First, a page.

The offense of mob action, in its current form, was first enacted as part of the Criminal Code of 1961. Ill. Rev. Stat. 1961, ch. 38, § 25-1. The legislature intended the offense to provide “a comprehensive codification of the former law regarding” the offenses of
unlawful assembly, and
mob action. Ill. Ann. Stat., ch. 38, § 25-1, Committee Comments—1961, at 140 (Smith-Hurd 1964).
These antecedent offenses, derived from the common law, were designed to address the heightened threats posed to public safety and law enforcement “[w]hen numerous persons confederate against the public peace” in various ways; or in other words, when a group of people acts together toward a common, violent or illegal, end.
The offenses of riot, rout, and affray all required the participants to have an agreement or common purpose.
Riot – As our supreme court explained, the “universal conception and understanding of the meaning of the word ‘riot’ ” was “a mob or an assemblage of people of threatening attitude, acting in concert, with force and violence and determined to accomplish some injury to a person or property in spite of any resistance which might be offered.”
The requirement of “acting in concert” was understood to mean that the use of force or violence must be the product of “a concerted intent of the perpetrators to mutually assist one another against all who should oppose them in the doing of an unlawful act.”
Rioters, in short, had to share a common purpose or intent; and for that reason, they were accountable for each other’s actions in the course of the riot.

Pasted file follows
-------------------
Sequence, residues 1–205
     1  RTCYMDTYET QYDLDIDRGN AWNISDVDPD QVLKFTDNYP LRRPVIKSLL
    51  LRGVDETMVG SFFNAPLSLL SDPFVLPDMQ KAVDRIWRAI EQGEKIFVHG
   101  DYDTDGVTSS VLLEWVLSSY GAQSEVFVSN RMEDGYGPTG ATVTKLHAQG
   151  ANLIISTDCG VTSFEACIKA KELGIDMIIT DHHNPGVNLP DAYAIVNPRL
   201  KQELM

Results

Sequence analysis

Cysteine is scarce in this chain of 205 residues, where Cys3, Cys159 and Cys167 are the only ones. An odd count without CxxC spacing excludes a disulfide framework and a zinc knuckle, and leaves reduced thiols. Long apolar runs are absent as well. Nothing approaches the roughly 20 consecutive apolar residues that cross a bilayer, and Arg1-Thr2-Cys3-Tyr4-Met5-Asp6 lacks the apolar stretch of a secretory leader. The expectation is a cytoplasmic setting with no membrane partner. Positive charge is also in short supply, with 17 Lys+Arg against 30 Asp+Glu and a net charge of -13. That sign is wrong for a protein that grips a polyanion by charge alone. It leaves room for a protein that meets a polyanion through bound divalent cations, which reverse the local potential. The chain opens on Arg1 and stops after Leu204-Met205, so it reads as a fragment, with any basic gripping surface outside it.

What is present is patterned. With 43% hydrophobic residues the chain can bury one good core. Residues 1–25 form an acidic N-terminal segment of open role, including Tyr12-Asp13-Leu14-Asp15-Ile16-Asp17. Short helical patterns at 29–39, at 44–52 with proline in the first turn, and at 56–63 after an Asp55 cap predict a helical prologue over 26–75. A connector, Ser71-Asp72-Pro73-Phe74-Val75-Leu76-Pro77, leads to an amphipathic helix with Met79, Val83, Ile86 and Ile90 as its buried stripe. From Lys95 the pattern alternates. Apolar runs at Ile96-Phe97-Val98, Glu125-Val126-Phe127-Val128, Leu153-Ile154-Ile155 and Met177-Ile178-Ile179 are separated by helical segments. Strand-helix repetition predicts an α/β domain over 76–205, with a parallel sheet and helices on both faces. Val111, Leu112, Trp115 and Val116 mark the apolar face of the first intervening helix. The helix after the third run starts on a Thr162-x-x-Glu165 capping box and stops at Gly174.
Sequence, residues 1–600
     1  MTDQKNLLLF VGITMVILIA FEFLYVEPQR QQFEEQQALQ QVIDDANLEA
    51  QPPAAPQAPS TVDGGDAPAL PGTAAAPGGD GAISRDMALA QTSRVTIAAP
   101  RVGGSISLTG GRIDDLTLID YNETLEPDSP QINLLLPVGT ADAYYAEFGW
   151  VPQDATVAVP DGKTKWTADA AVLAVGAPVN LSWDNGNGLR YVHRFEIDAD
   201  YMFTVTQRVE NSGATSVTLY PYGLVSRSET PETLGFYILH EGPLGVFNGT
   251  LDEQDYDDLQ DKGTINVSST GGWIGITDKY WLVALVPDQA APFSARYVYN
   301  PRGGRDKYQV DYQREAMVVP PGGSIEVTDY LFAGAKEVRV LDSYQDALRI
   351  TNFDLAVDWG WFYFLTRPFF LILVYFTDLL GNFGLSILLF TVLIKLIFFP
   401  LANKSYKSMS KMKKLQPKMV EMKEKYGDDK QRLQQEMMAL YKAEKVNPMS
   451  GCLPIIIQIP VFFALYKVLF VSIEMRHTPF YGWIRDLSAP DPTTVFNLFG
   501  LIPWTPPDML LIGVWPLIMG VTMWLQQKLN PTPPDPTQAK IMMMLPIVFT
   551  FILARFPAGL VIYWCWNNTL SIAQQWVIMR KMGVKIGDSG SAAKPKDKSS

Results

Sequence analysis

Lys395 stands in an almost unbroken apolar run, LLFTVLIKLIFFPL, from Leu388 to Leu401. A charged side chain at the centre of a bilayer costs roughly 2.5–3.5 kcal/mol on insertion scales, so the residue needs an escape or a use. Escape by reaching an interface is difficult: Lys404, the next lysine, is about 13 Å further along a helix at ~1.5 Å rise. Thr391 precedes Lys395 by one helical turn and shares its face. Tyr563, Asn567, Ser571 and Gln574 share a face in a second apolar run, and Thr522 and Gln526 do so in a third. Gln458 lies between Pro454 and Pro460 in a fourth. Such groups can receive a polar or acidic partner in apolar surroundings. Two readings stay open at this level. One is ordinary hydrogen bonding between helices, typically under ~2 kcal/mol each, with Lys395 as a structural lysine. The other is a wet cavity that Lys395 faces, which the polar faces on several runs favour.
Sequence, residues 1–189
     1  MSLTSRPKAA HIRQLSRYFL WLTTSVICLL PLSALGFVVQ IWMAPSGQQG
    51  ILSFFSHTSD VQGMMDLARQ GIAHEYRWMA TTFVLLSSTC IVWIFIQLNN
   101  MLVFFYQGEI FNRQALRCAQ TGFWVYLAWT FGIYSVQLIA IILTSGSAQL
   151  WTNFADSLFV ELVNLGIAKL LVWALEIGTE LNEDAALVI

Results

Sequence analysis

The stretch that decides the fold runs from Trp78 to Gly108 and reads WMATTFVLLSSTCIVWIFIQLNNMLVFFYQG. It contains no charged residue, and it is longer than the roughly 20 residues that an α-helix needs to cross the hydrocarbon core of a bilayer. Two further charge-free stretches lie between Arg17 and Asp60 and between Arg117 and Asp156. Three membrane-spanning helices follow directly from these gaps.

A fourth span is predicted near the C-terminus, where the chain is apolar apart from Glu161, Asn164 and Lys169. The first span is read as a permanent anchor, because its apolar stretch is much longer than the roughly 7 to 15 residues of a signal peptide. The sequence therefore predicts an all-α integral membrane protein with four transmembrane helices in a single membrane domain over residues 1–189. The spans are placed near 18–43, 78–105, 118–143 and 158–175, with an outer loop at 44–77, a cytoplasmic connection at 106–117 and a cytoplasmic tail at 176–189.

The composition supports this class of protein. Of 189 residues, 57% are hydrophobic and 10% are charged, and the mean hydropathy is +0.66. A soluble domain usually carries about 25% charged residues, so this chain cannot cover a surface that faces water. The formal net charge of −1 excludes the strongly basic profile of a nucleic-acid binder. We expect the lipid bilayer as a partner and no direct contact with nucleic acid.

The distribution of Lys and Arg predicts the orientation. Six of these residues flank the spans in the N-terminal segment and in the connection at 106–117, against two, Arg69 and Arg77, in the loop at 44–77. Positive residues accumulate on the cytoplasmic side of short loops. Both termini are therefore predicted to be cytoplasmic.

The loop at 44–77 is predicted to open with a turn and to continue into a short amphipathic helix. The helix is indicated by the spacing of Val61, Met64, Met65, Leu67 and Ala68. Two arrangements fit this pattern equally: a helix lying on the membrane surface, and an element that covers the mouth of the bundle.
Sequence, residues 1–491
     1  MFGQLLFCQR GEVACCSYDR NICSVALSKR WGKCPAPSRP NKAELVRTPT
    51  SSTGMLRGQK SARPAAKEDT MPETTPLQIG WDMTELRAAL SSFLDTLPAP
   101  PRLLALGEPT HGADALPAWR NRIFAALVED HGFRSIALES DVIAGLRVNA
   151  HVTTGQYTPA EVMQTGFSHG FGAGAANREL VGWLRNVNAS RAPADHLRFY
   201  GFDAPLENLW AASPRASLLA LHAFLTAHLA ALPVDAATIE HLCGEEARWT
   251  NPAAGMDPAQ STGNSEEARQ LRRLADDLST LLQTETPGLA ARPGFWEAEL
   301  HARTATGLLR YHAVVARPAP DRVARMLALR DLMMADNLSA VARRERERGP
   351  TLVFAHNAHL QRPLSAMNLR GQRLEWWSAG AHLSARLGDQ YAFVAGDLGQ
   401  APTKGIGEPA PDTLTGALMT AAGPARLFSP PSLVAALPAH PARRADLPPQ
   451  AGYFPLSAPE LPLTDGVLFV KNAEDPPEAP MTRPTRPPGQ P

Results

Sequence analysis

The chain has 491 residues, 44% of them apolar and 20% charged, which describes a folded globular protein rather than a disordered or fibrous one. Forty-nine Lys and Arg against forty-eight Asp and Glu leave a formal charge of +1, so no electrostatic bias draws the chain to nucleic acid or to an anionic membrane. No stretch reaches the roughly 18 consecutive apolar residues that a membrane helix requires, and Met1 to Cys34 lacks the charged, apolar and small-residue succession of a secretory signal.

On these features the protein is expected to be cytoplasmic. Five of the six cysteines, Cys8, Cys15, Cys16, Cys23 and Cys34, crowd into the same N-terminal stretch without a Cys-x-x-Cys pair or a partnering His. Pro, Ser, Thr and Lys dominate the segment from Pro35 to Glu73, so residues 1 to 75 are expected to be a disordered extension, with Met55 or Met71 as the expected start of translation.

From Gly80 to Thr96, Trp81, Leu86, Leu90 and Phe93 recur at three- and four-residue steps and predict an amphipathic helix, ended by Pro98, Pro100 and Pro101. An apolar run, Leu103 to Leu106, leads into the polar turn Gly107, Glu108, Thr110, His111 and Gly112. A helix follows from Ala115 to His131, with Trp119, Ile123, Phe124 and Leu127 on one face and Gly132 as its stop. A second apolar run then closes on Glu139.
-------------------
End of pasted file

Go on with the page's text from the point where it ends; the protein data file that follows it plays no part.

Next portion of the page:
Rout – Second, the offense of rout required that two or more people “meet to do an unlawful act *** and make advances toward it.” A rout was more than an unlawful assembly but less than a riot; it required the participants to “perform an act in the direction of their common purpose, i.e., they are on their way toward executing their plan,” but “because their objective is not yet accomplished, it is not yet a riot.”
Affray – Third, the offense of affray was committed when two or more people, “by agreement, fight in a public place.” Thus, under the Illinois statute, an affray was akin to a duel, except that it did not require the use of deadly weapons, nor did it involve the ritualized practice of issuing and accepting a challenge through seconds that was characteristic of dueling.
So each of the three offenses that were incorporated into the subsection of the statute under consideration required concerted action of some kind—a common purpose (riot and rout) or an agreed-upon course of conduct (affray)—as an element.
Mob Action – Because the legislature’s purpose in enacting subsection 25-1(a)(1) was merely to unify and simplify these antecedent offenses, we see no reason to conclude that the legislature intended to eliminate their common requirement of concerted action. To the contrary, we believe the legislature used the phrase “acting together” to express precisely that requirement in one all-encompassing, intuitive general term.
Simple Matter of Self Defense